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Pluralistic Tasks for Befriending your Tough Inner Critic: Some Examples

Psychodynamic Perspectives

McLeod (2019) said the "main distinctive features of psychoanalysis and the psychodynamic approach are an assumption that the clients' difficulties have their ultimate origins in childhood experiences; an assumption that the client may not be consciously aware of the true motives or impulses behind their actions; the use in counselling and psychotherapy of interpretation of the transference relationship" (p. 95).  Therefore, the client and counsellor may wish to be very open and honest in the therapy space and see how they experience each other.  For example, the client may experience the Counsellor as critical when they are trying to display the core condition of unconditional positive regard.  It would be interesting to hear how the client's tough inner critic interprets how the counsellor feels towards the client.

It could be important for the client to identify what were the circumstances that led to this “part”, “ego state”, “system” being triggered and taking such a dominant role.  This could involve looking at the client’s attachment patterns (see Bowlby, 1971; Ainsworth et al, 1978) .  Pluralistic practitioners might use the timeline to track when the Inner Critic really came into play, the preceding events that led to this, and what keeps it going.  Also, to see how the role of our attachment styles might keep the Inner Critic impeding our lives and relationships. "For example, those with attachment anxiety may learn that if they are “perfect,” they will be more likely to gain others’ love and acceptance (Wei, Heppner, Russell, & Young, 2006; Wei, Mallinckrodt, Russell, & Abraham, 2004). Conversely, those with attachment avoidance may drive themselves to be perfect in order to cover up their hidden sense of imperfections. They may think, “If I am perfect, no one will hurt me” (Flett, Hewitt, Oliver, & Macdonald, 2002). Unfortunately, perfectionism is associated with greater depressive symptoms (e.g., Chang, 2002, Hewitt & Flett, 1991). Therefore, potential clinical interventions can focus on modifying these individuals’ perfectionistic tendencies.

Second, [pluralistic counsellors] can help those with attachment anxiety and avoidance find alternative ways to meet their unmet needs. Most people who seek help want to learn how to cope with dysfunction in their daily life and modify their dysfunctional or ineffective coping strategies. However, merely focusing on modifying the dysfunctional coping strategies does not guarantee that people will eventually cope well" (

The Adult Attachment Interview (Main & Kaplan, 1984) could be a task that gives insight into the client's attachment styles and could be a useful starting point in supporting the client to externalise and befriend their Inner Critic through understanding.  Tasks to gain understanding of the function the Tough Inner Critic plays in client's lives, and how and why it was born could be achieved through Inner Child work.  Jackman (2020) in his book "Healing Your Lost Inner Child" proposes Inner Child work as a "reconnection with the unhealed part of you that keep showing up and playing out the same dramas until it is acknowledged and healed.. your unhealed emotional pain"  (p.1).  His workbook  has many exercises breaking down where, when and how the wounding shows up. For example, identifying an "age of wounding" (which he states should not be hard to remember as the subconscious mind will tap into it) and writing healing letters to and from that inner child (p. 39-44).  This can draw attention and deeper understanding to the Inner Critic, particularly  when early childhood traumas have led to maladaptive thought patterns and negative core beliefs.  This is only one example of Inner Child Work and there are many examples of this the individual client and Pluralistic Counsellor can adapt and collaborate on together.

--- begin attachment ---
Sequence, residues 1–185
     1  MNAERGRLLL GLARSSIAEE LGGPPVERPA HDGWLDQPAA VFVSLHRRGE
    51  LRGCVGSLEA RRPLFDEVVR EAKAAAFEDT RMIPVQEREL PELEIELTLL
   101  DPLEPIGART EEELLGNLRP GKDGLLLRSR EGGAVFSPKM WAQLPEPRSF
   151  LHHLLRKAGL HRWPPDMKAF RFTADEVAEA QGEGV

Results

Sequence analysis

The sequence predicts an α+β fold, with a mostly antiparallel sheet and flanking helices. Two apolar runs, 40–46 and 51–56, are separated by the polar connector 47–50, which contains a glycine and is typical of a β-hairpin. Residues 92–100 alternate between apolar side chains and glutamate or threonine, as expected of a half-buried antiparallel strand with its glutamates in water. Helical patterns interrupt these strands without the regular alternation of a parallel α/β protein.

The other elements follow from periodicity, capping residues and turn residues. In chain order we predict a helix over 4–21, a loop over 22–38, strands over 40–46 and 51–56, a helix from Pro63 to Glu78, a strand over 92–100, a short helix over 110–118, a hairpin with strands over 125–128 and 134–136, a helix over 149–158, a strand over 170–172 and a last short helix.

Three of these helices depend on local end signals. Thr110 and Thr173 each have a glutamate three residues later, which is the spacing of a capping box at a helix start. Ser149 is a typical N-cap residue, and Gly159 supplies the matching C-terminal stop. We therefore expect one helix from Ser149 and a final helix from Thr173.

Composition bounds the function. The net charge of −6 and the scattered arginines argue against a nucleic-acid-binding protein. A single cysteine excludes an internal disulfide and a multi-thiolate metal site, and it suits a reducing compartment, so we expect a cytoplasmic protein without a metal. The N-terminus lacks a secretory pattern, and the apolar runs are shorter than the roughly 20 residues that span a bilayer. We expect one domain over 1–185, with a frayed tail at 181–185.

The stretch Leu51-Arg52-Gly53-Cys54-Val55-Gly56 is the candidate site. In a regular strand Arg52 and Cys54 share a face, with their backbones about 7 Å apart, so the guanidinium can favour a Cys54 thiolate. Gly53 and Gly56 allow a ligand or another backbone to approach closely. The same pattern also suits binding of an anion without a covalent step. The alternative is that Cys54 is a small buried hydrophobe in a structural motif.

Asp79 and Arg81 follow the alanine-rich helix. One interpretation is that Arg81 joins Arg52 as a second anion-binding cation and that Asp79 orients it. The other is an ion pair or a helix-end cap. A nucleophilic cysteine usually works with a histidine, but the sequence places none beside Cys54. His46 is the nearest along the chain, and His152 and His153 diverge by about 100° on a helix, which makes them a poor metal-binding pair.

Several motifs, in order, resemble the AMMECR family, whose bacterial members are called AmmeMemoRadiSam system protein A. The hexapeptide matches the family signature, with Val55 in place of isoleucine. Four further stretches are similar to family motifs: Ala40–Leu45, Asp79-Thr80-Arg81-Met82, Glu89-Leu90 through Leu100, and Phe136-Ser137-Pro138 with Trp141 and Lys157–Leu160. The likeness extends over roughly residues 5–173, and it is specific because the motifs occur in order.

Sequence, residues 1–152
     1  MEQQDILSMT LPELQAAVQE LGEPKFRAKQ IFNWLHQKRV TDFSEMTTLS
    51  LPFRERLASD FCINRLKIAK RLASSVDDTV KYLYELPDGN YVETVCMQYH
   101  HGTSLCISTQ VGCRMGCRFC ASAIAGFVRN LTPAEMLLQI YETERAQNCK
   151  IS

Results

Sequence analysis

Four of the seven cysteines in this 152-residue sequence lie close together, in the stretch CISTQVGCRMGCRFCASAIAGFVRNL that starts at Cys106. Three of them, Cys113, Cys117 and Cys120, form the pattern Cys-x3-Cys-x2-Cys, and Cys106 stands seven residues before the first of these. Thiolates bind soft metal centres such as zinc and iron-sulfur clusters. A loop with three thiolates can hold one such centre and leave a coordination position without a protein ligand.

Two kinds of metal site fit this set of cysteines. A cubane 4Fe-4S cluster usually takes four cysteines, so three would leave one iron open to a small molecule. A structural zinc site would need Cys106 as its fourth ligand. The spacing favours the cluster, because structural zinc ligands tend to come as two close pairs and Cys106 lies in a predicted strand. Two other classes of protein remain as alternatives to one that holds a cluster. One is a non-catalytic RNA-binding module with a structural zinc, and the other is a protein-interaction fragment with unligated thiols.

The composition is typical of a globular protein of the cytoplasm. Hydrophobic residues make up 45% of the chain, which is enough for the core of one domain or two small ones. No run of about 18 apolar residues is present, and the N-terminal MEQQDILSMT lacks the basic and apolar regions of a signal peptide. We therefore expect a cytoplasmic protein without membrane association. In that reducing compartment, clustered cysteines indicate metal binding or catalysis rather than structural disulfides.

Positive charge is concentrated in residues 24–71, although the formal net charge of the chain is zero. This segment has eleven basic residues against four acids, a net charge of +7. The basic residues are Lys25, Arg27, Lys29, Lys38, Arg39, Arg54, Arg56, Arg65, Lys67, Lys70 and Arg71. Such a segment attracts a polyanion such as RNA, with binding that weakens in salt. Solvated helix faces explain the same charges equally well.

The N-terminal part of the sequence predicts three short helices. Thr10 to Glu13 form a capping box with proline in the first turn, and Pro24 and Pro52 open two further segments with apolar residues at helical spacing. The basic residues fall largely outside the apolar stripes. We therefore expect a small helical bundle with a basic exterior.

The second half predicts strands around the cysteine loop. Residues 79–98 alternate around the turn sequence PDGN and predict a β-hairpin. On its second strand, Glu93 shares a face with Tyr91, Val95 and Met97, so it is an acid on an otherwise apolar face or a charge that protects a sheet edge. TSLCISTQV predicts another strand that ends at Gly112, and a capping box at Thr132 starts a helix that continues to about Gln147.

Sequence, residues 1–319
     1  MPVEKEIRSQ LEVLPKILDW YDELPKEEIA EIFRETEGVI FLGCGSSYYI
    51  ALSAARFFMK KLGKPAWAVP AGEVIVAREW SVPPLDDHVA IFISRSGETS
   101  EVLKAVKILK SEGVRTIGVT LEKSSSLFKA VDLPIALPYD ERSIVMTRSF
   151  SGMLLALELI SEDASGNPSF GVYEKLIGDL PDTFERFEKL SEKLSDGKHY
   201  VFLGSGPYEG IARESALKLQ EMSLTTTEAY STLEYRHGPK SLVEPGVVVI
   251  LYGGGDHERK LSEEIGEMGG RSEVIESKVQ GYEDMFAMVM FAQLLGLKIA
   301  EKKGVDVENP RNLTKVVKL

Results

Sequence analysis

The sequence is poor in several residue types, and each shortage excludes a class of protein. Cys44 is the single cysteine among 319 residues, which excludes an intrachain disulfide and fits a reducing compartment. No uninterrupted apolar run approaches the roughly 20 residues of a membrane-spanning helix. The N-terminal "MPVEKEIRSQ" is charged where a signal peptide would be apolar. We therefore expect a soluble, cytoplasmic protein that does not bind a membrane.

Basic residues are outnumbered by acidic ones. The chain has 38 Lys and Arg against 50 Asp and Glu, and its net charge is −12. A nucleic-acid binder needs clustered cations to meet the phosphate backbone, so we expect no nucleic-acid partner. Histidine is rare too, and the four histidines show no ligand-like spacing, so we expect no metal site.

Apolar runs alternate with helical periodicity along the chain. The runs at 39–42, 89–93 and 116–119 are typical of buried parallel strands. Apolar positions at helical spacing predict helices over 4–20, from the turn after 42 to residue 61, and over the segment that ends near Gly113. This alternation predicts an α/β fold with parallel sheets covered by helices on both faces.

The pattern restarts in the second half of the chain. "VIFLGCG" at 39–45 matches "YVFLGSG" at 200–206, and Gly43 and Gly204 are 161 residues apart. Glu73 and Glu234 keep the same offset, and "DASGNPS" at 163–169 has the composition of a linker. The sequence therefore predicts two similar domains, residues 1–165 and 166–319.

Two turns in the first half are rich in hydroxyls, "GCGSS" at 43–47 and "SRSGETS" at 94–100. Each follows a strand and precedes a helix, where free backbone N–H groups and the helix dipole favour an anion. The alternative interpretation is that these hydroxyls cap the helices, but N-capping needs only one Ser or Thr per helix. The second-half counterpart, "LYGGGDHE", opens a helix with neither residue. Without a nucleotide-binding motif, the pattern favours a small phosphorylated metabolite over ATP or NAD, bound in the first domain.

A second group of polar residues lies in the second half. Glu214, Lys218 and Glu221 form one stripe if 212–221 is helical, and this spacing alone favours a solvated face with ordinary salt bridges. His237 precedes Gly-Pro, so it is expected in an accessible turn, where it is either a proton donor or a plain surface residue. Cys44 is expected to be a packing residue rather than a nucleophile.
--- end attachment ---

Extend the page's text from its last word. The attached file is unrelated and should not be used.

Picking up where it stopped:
Freud (e.g. 1910, 1923) identified the Inner Critic as the superego. The part of the conscience that developed to acknowledge morality and social acceptability. This ego state is often in opposition with the id, the unconscious pleasure seeking part of the consciousness associated with eating, drinking, sex, attachment, using the bathroom.  Negotiating between these is the "ego" state which is the voice of self-compassion.  Society does not want us to behave impulsively at the cost of everyone else's needs to fulfill our desires and pleasures, but what would be a good compromise between the two? And identifying defense mechanisms at play, such as denial, projection and so on.  Clients may wish to work with the critic by looking to the messaging of the client's past and the repression of emotions and unmet needs in childhood.  Cozolino (2004) notes "Although  clients do not have conscious memories of early relationships with their parents, Miller posited that these learning experiences are recorded in how they think of and treat themselves (self-image and self-protective behaviours).  The strictness and negativity of how clients talk about themselves (superego) betrays their parents'negative attitude towards them years before.  These implicit emotional and behavioural memories, in the form of attitudes, anxieties, and self-statements, contribute to the continued repression of real emotions and the conscious awareness of one's own needs (p. 168). Therefore, the Pluralistic Counsellor will collaborate with their client to draw out these memories, attitudes, anxieties and self-statements and defense mechanisms, in an attempt to reduce the negative criticisms and reframe it with understanding and self-compassion. Williams (2022) discusses defense mechanisms and notes that the inner critic can be unexpressed feelings turned inwards. Klein (1932) and other object relations theorists felt the inner critic or superego developed at 3 months old. The theory that babies idealised their parents, because to realise they were human and fallible when they relied on them for everything was too anxiety-provoking.  However, some parents could not soothe their children, perhaps because of past trauma and an inability to self-soothe.  The baby felt anger at this, but could not aim this at idealised parents, and so this anger turned inwards as shame and is expressed as a tough inner critic (e.g. Higdon, 2012).  Discussion around this may result in the externalising and befriending of the tough inner critic, and hopefully greater understanding of its protective function.  Another theory is that the Inner Critic is deliberately negative in a protective way, to prevent any surprises or recourse from other people, usually parents.  So, the child berates themselves before they are berated. The idea of "if I criticise myself first, I wont be hurt by someone else criticising me".